Don’t these people realize that pro-government ideas are ALSO “propaganda”, “ideology”, and “biased views”? It is almosypt as if they believe there is no such thing as pro-government propaganda. Thinking there is becomes “conspiracy theories”, and “paranoia”.

  3. K.P. says:

    Maybe their tone is uncalled for but I kind of like the almost reactionary impulse of libertarians to attack fads, I wish they’d broaden it further.

  4. Gamble says:

    Tax rates should be cut by half or more, all donations should NOT be tax deductible. Politics and 501c3 and churches and think tanks should all pay taxes. Non profits should be abolished. What the heck is a non profit anyways? Seems like all the profits are paid out as salaries. So what. Now you have a market perversion.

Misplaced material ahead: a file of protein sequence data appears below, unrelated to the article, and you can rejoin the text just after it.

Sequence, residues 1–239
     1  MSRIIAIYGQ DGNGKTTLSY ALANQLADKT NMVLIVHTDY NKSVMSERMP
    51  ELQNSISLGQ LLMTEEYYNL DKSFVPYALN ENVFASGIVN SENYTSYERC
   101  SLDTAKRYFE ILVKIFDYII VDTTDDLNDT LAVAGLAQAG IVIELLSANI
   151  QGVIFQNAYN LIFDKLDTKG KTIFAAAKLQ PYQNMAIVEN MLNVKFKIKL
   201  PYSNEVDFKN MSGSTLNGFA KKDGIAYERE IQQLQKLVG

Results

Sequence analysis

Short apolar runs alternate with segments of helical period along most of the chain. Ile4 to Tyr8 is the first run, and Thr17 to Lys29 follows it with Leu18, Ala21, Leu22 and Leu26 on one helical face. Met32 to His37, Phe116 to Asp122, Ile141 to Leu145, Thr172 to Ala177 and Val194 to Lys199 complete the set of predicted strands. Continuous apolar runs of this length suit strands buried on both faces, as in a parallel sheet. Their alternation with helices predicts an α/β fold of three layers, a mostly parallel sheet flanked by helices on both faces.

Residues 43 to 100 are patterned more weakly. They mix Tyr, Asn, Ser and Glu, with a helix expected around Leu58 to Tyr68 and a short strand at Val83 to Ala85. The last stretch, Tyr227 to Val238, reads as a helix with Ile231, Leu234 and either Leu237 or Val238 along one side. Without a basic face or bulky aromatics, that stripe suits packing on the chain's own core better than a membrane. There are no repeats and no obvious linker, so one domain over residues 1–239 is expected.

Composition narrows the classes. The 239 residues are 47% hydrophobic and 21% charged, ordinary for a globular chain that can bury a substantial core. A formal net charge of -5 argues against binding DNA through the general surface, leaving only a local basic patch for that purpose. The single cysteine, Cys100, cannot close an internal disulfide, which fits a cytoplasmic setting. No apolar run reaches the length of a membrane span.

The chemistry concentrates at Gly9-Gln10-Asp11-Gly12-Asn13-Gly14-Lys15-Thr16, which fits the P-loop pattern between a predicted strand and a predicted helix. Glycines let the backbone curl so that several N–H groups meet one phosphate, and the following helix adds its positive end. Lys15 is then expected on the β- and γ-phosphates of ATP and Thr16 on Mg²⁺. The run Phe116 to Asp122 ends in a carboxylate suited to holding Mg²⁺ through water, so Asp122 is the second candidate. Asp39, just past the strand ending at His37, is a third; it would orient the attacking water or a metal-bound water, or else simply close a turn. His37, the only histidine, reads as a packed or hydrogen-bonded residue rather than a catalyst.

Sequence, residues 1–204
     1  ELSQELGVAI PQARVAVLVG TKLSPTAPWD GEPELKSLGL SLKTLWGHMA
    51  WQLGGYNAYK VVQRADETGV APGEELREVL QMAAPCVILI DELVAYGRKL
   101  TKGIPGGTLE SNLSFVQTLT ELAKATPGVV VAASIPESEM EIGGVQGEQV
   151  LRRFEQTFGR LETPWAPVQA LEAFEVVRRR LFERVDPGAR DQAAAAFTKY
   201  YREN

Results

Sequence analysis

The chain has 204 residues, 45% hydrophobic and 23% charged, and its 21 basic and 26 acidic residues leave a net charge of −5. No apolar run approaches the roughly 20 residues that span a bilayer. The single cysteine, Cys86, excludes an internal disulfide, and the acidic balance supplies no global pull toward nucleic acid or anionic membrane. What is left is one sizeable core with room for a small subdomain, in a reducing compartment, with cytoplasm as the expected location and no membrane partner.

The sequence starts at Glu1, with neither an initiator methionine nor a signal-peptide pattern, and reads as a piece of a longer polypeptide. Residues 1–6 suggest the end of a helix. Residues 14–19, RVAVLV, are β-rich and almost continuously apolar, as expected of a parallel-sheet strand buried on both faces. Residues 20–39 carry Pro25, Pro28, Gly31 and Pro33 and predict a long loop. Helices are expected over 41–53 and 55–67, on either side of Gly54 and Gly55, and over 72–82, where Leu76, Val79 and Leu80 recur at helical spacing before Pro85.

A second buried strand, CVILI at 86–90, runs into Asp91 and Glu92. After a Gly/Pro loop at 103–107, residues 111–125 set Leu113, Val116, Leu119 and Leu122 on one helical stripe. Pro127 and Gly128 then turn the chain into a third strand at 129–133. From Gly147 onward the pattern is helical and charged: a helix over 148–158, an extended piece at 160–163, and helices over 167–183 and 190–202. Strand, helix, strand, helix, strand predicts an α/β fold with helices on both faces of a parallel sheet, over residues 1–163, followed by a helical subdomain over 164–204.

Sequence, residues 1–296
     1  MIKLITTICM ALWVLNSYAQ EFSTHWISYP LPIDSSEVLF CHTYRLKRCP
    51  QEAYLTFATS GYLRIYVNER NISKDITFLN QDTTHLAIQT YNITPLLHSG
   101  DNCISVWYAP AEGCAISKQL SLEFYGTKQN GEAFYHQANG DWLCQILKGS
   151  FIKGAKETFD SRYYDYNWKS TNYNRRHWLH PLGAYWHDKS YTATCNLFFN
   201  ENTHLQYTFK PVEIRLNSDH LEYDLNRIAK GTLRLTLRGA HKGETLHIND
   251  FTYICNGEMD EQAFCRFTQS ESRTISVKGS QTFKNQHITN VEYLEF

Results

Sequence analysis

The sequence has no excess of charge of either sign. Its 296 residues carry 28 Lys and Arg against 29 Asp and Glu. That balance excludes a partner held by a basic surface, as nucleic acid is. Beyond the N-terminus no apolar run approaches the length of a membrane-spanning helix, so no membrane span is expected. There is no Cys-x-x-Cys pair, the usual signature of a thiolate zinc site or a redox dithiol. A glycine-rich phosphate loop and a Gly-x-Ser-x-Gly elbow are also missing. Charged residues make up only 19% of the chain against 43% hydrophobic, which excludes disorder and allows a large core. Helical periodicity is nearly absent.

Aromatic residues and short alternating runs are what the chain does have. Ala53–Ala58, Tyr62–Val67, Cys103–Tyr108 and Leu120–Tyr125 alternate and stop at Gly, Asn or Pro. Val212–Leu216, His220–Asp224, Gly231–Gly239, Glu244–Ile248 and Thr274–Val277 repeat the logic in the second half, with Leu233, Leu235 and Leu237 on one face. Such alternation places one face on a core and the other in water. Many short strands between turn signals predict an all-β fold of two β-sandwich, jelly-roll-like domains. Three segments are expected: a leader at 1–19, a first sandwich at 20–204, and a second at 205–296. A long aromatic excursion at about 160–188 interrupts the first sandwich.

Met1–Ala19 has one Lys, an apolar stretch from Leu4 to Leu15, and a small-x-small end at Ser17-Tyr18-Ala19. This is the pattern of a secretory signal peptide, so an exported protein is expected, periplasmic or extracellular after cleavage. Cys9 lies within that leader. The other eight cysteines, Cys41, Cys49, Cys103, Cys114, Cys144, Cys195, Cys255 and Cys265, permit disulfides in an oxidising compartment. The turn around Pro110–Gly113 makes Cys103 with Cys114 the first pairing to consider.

These angry libertarians need to focus on the origin of their angst rather than symptoms.

    • Bogart says:

      Where are the angry Libertarians? It is the folks at Slate that are angry. But I can’t figure out why the folks at Slate hate poor people so much. They seek at every opportunity to eliminate moral choices made by poor people. The Minimum Wage and Anti-Sweat Shop legislation are two examples. But the big one is Public Education. Why keep these people from earning money by helping society and instead stick them in a room with a bunch of people based upon where these people live and force them to learn about liberal crap?

      As for any one getting out of paying taxes, I am all for it. I wish there were no taxes but people with guns insist on making people pay them so if one person gets out then all the better.

  5. Gamble says:

    I have been saying this for 5 years. If you your stated goals are true, you would input new money at the bottom rather than the top. Since you input at the top, your goals are a lie or your degree is a fraud and you are ignorant.

    Obviously I would prefer no fiat money input anywhere.